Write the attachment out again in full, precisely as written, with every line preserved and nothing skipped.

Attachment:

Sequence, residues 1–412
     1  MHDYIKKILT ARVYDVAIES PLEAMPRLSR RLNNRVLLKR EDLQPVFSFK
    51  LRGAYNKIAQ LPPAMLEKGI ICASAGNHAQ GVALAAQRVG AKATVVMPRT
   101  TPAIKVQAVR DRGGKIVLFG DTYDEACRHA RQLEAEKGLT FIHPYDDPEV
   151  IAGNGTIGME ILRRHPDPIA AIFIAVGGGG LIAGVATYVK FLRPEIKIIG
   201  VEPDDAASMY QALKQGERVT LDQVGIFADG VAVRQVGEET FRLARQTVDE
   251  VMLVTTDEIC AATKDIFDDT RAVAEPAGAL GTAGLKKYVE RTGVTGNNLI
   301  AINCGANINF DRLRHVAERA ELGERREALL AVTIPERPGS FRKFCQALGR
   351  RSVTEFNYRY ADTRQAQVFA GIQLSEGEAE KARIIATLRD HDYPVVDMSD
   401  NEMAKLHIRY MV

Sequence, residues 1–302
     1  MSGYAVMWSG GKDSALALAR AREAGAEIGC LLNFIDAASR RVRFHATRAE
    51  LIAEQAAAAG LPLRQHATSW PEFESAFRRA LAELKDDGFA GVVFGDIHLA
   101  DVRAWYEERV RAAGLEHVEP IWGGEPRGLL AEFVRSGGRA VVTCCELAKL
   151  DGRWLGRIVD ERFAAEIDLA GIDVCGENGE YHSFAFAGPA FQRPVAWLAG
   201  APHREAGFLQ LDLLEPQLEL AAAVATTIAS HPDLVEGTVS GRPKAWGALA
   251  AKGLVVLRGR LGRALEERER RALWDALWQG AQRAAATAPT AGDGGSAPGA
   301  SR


Sequence, residues 1–412
     1  MHDYIKKILT ARVYDVAIES PLEAMPRLSR RLNNRVLLKR EDLQPVFSFK
    51  LRGAYNKIAQ LPPAMLEKGI ICASAGNHAQ GVALAAQRVG AKATVVMPRT
   101  TPAIKVQAVR DRGGKIVLFG DTYDEACRHA RQLEAEKGLT FIHPYDDPEV
   151  IAGNGTIGME ILRRHPDPIA AIFIAVGGGG LIAGVATYVK FLRPEIKIIG
   201  VEPDDAASMY QALKQGERVT LDQVGIFADG VAVRQVGEET FRLARQTVDE
   251  VMLVTTDEIC AATKDIFDDT RAVAEPAGAL GTAGLKKYVE RTGVTGNNLI
   301  AINCGANINF DRLRHVAERA ELGERREALL AVTIPERPGS FRKFCQALGR
   351  RSVTEFNYRY ADTRQAQVFA GIQLSEGEAE KARIIATLRD HDYPVVDMSD
   401  NEMAKLHIRY MV

Sequence, residues 1–302
     1  MSGYAVMWSG GKDSALALAR AREAGAEIGC LLNFIDAASR RVRFHATRAE
    51  LIAEQAAAAG LPLRQHATSW PEFESAFRRA LAELKDDGFA GVVFGDIHLA
   101  DVRAWYEERV RAAGLEHVEP IWGGEPRGLL AEFVRSGGRA VVTCCELAKL
   151  DGRWLGRIVD ERFAAEIDLA GIDVCGENGE YHSFAFAGPA FQRPVAWLAG
   201  APHREAGFLQ LDLLEPQLEL AAAVATTIAS HPDLVEGTVS GRPKAWGALA
   251  AKGLVVLRGR LGRALEERER RALWDALWQG AQRAAATAPT AGDGGSAPGA
   301  SR